The switches, SW1 through SW12, may be normally open switches. The switching device 100 may be connected to a response module 112 including an analog-to-digital (A/D) converter 104 and a control module 110. An analog output voltage (Vout) of the switching device may be received by the A/D converter 104. The A/D converter 104 may convert Vout to a digital output which may be received by the control module.
The switches, SW1 through SW12, may be connected to input keys of an electronic device. For example, the switching device may be used in connection with an appliance, such as a dishwasher, oven, stove, washing machine, dryer, or the like. User input may be received via depression of keys associated with each of the switches, SW1 through SW 12. For example, with reference to
With reference to
Generally, the resistance of the critical resistors, R14 and R15, is much larger than the resistance of resistors R1 through R13. As described in more detail below, R14 and R15 cause Vout to be biased between zero volts and Vcc. The large R14 and R15 resistors render the end switches, SW1 and SW12, “critical” switches. When one of the “non-critical” switches, SW2 through SW11, is stuck closed, the A/D converter and control module may still be able to recognize when SW1 or SW12 is closed by a user key press.
When none of the switches SW1 through SW12 are closed, the switching device functions as a voltage divider, and Vout may be calculated according to the following formula:
Thus, with R14 and R15 each at 10,000 ohms, and with Vcc at 5.45 volts, when none of the switches SW1 through SW12 are closed, Vout is 2.725 volts.
When one of the switches SW1 through SW12 is closed, Vout may be calculated with reference to the equivalent series and parallel resistances. With reference to
With continued reference to
With reference to
With reference to
As shown in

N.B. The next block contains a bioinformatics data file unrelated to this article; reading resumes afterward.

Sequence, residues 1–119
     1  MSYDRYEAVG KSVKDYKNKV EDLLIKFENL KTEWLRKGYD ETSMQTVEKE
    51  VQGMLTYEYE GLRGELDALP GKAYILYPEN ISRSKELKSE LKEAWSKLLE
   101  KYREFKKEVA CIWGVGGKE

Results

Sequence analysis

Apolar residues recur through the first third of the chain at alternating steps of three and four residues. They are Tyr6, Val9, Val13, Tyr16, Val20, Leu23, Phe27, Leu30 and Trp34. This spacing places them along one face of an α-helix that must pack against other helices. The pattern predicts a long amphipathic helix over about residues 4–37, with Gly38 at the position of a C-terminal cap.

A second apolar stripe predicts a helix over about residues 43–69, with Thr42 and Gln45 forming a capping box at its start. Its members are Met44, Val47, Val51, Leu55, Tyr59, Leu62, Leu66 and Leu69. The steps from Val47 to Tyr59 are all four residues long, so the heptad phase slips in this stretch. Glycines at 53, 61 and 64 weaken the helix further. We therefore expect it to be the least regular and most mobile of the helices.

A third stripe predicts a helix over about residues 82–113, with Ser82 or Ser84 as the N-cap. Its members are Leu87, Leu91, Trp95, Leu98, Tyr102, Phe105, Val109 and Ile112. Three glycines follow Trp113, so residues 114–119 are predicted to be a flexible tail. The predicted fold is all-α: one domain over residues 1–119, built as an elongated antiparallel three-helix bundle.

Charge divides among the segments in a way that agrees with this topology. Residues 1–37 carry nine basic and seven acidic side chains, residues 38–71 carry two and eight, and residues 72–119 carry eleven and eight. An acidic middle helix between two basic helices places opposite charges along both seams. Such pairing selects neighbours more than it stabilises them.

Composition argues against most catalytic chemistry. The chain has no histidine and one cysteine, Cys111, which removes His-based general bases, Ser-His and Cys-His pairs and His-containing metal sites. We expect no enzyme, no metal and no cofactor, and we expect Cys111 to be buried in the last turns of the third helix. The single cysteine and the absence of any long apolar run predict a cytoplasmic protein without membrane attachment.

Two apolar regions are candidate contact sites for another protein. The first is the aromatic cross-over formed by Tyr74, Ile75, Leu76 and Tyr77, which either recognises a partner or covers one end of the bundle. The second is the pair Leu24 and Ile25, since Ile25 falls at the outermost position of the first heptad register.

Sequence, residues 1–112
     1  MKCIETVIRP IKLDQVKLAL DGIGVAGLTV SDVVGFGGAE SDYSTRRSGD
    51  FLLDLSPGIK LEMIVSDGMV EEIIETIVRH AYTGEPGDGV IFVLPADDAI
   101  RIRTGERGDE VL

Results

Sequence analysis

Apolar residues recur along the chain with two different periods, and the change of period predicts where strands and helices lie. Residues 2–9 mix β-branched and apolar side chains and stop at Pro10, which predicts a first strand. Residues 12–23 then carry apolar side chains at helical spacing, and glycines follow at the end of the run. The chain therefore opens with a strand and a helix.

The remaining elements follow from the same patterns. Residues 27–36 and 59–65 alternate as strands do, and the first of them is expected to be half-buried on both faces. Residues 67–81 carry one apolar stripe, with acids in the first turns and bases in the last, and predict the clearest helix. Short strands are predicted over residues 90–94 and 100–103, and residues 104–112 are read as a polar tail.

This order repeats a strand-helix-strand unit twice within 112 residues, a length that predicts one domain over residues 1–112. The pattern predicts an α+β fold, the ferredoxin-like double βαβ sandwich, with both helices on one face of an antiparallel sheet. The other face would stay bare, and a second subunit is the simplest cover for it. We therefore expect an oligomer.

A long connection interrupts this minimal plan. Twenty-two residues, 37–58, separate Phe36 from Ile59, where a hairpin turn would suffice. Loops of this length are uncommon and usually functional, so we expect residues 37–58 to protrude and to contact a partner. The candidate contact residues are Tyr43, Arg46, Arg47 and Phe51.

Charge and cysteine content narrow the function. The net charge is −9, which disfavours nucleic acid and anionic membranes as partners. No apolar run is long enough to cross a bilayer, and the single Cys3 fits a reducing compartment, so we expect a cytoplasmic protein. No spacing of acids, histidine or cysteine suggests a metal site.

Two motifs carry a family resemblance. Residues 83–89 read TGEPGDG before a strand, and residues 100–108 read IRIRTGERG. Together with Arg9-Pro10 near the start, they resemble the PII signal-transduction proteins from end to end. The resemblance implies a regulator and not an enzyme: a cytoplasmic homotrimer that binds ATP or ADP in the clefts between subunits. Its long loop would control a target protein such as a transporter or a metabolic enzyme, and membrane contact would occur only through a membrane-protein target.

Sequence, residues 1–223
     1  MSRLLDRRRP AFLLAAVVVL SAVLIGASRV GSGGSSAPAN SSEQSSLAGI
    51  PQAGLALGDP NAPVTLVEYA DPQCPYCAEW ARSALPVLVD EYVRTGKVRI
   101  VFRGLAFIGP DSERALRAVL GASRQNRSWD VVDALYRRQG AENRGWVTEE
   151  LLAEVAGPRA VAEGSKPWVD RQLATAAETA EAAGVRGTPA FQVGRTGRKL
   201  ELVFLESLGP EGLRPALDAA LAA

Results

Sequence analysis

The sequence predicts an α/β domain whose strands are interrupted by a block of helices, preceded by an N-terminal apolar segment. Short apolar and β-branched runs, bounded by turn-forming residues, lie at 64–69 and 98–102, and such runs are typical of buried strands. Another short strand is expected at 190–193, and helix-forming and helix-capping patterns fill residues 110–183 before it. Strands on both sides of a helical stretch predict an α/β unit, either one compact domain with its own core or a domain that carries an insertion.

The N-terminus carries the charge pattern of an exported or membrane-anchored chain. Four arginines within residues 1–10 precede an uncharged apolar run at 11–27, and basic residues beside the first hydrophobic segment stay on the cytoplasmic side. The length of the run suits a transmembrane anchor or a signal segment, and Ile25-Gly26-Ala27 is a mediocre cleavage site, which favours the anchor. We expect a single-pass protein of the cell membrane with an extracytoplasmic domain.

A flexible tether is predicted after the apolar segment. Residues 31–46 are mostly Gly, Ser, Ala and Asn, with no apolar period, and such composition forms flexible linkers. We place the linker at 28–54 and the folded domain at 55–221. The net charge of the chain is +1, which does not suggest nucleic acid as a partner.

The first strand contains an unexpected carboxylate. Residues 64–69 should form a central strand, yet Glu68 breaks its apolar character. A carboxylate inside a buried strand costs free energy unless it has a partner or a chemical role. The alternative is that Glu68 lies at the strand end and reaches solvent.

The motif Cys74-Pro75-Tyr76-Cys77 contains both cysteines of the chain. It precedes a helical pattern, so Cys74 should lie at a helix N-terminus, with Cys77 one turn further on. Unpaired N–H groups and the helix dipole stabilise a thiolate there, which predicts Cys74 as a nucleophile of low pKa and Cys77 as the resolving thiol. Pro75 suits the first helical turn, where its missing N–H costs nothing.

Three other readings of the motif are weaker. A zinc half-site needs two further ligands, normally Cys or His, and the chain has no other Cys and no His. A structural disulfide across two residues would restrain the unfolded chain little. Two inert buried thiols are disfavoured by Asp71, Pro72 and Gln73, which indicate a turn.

Operating in normal mode, the AND converter 104 receives Vout from the switching device 100 and outputs a digital signal corresponding to the specified Vout voltage range. As shown in
The A/D converter 104 may accomplish an analog-to-digital conversion by way of a volts-per-bit calculation. The A/D converter 104 may output a 10 bit digital signal. The A/D converter 104 may use a volts-per-bit constant, such as 0.00532227 volts-per-bit. When the A/D converter 104 receives a Vout of 3.561 volts, the A/D converter 104 may calculate a corresponding bit output of 669 (base-10), or 1010011101 (binary). As can be appreciated, other bit resolutions for the A/D converter 104, and other methods of analog-to-digital conversion may be used.
With reference to
The switching device 100 includes two critical switches, SW1 and SW12. The closure of the critical switches is recognized even when one of the non-critical switches is stuck closed. With reference to
As shown in
When any of switches SW2 though SW11 are stuck closed, the control module 110 may recognize the sustained Vout, and may enter stuck switch mode. As shown in
Continuing with the above example, when SW4 is stuck closed, closing SW 1 causes Vout to change to 5.31 volts and closing SW12 causes Vout to change to 0.22 volts. As shown in
In this way, even when a non-critical switch, such as SW2 through SW11, is stuck closed, the control module is able to recognize closure of a critical switch, such as SW1 or SW12. The critical switches may correspond with certain critical functions such as “power off” or “pause”. For example, in an appliance such as a dishwasher, the user may be able to turn the dishwasher off, or pause a dishwasher cycle, regardless of whether one of the other input keys is malfunctioning and stuck.